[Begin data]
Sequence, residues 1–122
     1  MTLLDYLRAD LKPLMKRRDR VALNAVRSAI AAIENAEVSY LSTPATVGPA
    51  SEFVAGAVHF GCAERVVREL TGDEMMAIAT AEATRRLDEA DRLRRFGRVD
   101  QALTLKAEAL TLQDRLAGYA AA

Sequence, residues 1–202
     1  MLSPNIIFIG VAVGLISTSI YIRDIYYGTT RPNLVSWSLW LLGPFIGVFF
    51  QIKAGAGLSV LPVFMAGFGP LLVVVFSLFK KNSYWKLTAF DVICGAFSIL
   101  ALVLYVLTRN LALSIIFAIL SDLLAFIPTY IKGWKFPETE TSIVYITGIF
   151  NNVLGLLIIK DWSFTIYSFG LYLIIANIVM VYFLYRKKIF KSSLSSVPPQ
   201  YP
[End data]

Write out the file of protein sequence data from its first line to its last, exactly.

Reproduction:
Sequence, residues 1–122
     1  MTLLDYLRAD LKPLMKRRDR VALNAVRSAI AAIENAEVSY LSTPATVGPA
    51  SEFVAGAVHF GCAERVVREL TGDEMMAIAT AEATRRLDEA DRLRRFGRVD
   101  QALTLKAEAL TLQDRLAGYA AA

Sequence, residues 1–202
     1  MLSPNIIFIG VAVGLISTSI YIRDIYYGTT RPNLVSWSLW LLGPFIGVFF
    51  QIKAGAGLSV LPVFMAGFGP LLVVVFSLFK KNSYWKLTAF DVICGAFSIL
   101  ALVLYVLTRN LALSIIFAIL SDLLAFIPTY IKGWKFPETE TSIVYITGIF
   151  NNVLGLLIIK DWSFTIYSFG LYLIIANIVM VYFLYRKKIF KSSLSSVPPQ
   201  YP